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I have been separated from my ex wife since february 2015, first par...t of divorce is done, without any finances or custody sorted. I see my two boys a lot......I have a two year re straining order in place so co parenting wit their mum has never worked since then. I have just received Family Court papers, form E and all that. I spoke to my solicitor, he is going to charge me £8,000 plus vat, to cover 3 court visits, I am self employed so its a bit complicated. I have paid her maintenance every month since we split up, although i had 5 months off work last year.....she is in the family home, she has just advised that she is not prepared to buy me out of my share of the family home......where does that leave me, what are my options, without going to court....can i sign the house over to my children..? or do I just give it to her...? Any ideas... Thanks Tony
I am Self Employed and have been on and off since 2003, but only as a sole trader.

The court will view your finances over your self assessment net profit amount, regardless of it you have paid yourself it or its sitting in the business as retained profit.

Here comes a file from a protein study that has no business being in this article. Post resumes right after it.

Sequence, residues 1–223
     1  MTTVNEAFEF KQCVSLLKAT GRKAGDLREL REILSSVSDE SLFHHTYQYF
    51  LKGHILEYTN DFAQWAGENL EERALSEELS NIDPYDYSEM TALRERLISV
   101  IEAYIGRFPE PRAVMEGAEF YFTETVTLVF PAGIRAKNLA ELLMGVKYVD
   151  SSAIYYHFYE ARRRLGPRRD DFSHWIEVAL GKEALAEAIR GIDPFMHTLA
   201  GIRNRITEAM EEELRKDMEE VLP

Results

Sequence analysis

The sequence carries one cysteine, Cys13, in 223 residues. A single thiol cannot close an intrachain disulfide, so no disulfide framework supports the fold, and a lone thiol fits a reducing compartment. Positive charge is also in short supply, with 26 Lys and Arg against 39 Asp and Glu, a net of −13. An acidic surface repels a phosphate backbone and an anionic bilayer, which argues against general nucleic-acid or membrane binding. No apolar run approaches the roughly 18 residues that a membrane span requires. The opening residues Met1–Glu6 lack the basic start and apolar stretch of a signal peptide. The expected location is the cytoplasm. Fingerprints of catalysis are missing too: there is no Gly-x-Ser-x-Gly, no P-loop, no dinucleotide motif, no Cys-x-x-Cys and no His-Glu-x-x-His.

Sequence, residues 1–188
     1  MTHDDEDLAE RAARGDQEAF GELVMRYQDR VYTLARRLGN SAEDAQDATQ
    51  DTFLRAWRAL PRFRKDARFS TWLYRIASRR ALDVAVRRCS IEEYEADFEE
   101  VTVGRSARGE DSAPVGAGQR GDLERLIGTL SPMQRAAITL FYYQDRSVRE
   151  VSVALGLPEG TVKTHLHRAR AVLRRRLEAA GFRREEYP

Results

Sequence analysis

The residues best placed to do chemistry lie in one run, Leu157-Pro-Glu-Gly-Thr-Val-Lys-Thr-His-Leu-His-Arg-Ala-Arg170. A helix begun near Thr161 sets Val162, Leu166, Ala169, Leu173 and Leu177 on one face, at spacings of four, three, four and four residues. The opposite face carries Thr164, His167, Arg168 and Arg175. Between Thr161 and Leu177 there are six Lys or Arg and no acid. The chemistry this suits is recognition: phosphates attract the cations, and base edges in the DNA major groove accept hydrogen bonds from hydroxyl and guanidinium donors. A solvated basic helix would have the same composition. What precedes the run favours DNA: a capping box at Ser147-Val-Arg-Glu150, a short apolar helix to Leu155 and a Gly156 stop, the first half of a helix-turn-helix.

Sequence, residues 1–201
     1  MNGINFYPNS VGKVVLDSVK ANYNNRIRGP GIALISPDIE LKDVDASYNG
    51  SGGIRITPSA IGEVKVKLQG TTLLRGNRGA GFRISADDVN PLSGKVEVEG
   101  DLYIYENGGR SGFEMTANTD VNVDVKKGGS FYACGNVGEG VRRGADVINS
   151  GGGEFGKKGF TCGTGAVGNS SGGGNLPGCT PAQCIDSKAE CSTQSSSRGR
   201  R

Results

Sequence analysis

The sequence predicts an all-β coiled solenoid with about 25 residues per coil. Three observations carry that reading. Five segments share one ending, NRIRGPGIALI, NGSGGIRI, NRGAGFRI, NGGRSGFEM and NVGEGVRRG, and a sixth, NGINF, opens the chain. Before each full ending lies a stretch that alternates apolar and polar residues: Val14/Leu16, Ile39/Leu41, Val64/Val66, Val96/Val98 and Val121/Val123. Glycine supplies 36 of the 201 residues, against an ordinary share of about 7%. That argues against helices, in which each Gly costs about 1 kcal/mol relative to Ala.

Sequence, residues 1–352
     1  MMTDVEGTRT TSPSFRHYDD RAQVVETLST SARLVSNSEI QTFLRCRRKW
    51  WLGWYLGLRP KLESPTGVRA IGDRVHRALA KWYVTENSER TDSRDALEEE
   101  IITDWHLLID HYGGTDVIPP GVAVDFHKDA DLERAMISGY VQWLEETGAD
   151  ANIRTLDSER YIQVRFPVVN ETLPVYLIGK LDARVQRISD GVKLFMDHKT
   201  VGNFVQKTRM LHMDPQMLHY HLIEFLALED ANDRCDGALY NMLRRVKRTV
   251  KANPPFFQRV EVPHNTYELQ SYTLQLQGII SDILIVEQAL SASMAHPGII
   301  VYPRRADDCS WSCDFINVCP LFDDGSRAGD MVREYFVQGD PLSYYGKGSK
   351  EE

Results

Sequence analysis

What child maintenance you have to pay will consider this amount, if your supporting any other children and how much time the children spend with you.

Do you own the house, or is it on a mortgage? If so, how far into it are you. It might not be as easy as signing the house over , as if a mortgage is in your name you are still liable for payments.
Posts made by me are my opinion and any factual information should be checked out. If you do not have a Solicitor, often your local CAB can get you some initial advice.
If you are finding the sums quoted by your solicitor a bit steep, consider going Litigant in Person, that is self representation. If suitably prepared it isn't difficult and in some respects is better as the judge hears you speak rather than having a solicitor as a mouthpiece.

Regarding the home, the courts could order she can stay there until the children have left education, and then the house could be sold and it's value apportioned accordingly.

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